Caring for a Three Legged Dog or Cat
Tripawds is the place to learn how to care for a three legged dog or cat, with answers about dog leg amputation, and cat amputation recovery from many years of member experiences.
JUMP TO FORUMS ↓
Join The Tripawds Community
Learn how to help three legged dogs and cats in the forums below. Browse and search as a guest or register for free and get full member benefits:
Get the new book by the Tripawds founders for life lessons learned from their Chief Fun Officer Jerry G. Dawg! Download the e-book, and find fun Be More Dog apparel and gifts in the Be More Dog Bookstore.
Nelly has suspected cancerous tumour on her leg and tomorrow I am going to the vet to either amputate or euthanize. Tests we have done show no evidence the cancer has spread. The tumour is necrotic and large. She is now in pain and limping. My husband is concerned that she won’t do well with amputation because of her age. Any examples out there of a dog of this age and size (she is 48 lbs) NOT doing well after?
25 April 2007
You will find MANY examples in the Tripawds Blogs , videos and photo galleries. Start here for help navigating this site, and consider registering to take full advantage of the many resources this community has to offer. And feel free to call the toll-free tripawds Helpline anytime if you’d like to talk!
22 February 2013
Oh gosh. So sorry you and Nelly find yourself here. You are in the right place though, for support and information from those of us who jave first hand experience.
What does your vet think? Does he believe Nelly is a good candidate for surgery? It already sounds like she is pretty much getti g arpu d on three legs already.
MOreso than age, although that’s certainly a factor, it’s more about Nelly’s “attitude”, her overall zest for life, etc.
Os she on pain meds now? I mention that simply because, if her pain can be adequately managed for a day or so, it gives you time to do some research and gather information.
In answer ro your question, yes, many senior sogs have sone very well after amputation and fotten great quality time. Three who instantly come to mind are FRANKLIN, SHOOTER, and SAM. Jist a guess, but I think they all probably weighed arou d 50 lbs.
Did the vet do an additional test or just the “visual”. It sou ds like, regardless of the cause, the amputation is the only way to rid your Nelly of the pain Sure, recovery is rough for about two weeks (some less, some more), but once recovery is complete dogs feel soooo much better with that painful leg gone!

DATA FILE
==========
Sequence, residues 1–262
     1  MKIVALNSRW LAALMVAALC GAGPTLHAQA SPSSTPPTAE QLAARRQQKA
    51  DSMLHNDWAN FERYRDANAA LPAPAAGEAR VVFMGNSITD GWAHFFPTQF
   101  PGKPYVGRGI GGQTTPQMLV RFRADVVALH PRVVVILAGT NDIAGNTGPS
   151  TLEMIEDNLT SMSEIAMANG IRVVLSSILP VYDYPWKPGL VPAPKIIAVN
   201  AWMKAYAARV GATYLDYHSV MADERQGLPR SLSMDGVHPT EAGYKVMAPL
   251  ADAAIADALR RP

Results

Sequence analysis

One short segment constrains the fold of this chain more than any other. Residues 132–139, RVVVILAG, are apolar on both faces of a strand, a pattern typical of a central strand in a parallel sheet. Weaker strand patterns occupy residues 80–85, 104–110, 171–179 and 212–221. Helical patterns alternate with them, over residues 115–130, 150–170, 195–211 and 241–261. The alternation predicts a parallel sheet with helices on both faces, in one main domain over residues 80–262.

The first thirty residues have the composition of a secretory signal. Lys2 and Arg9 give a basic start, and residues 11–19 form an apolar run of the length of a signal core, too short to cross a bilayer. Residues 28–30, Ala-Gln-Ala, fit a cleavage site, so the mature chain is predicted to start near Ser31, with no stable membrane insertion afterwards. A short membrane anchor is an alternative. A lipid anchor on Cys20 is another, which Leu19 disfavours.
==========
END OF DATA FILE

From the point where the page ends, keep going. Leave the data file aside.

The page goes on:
Check out the links Admin gave you. Don’t hesitate to call the 844 TRIPAWDS Helpline. Have ro head out, but others will chime in also. Hang in there! Whatever decision you make, it is clear you lpve Nelly. Any dec made out of love is the “right” decision! We are here to support you.
Sally and Alumni Happy Hannah and Merry Myrtle and Frankie too!
Happy Hannah had a glorious additional bonus time of over one yr & two months after amp for osteo! She made me laugh everyday! Joined April's Angels after send off meal of steak, ice cream, M&Ms & deer poop!
28 March 2015
Age of course is one factor to consider, but only one. Is she otherwise healthy? Does she still seem interested in life? Even if she has slowed down a bit (normal with age)?
Of course consult w/ your vet, but amputation is not nearly as bad as we (as humans) first imagine it to be. And she’s got size in her favor, since the smaller pups generally have an easier time. Our Ellie was 10+ years old (which is definitely “senior” for a large breed dog) and she did just fine. The only real change for Ellie was that her walks got short, much to her displeasure.
Good luck! I’m sure others will chime in w/ their experiences too.
Denise, Bill and Angel Ellie.
Active 10+ Pyr mix suddenly came up lame with ACL tear in left rear leg. Scheduled for a TPLO but final pre-op x-rays indicated a small suspicious area, possibly OSA, which could have caused the ACL tear. Surgeon opened the knee for TPLO but found soft bone. Biopsy came back positive for OSA. Became a Tripawd 9/18/14. Carbo6 with Cerenia and Fluids. Pain free and living in the moment. Crossed the Bridge on 7/12/15 after probable spread of cancer to her cervical spine. A whole lifetime of memories squeezed into 10 months. Here's her story: Eloise
2 April 2013
Her size is not a problem at all – Murphy is about 50 lbs and has done well.
Her age is the only issue. How is Nelly otherwise? Is she healthy? Active? Recovery is not easy and takes about 2-3 weeks or so. Most dogs do fairly well after that. Those couple of weeks, though, can be a roller coaster of emotions to get through. You really need to make sure that you keep up on her pain medications around the clock.
We’ll be here for you.
Donna, Glenn & Murphy
Murphy had his right front leg amputated due to histiocytic sarcoma at 7 years old. He survived 4 years, 2 months & 1 week, only to be taken by hemangiosarcoma at 11 1/2 years 6/12/17
Read about Murphy's Life on Three Legs
25 April 2007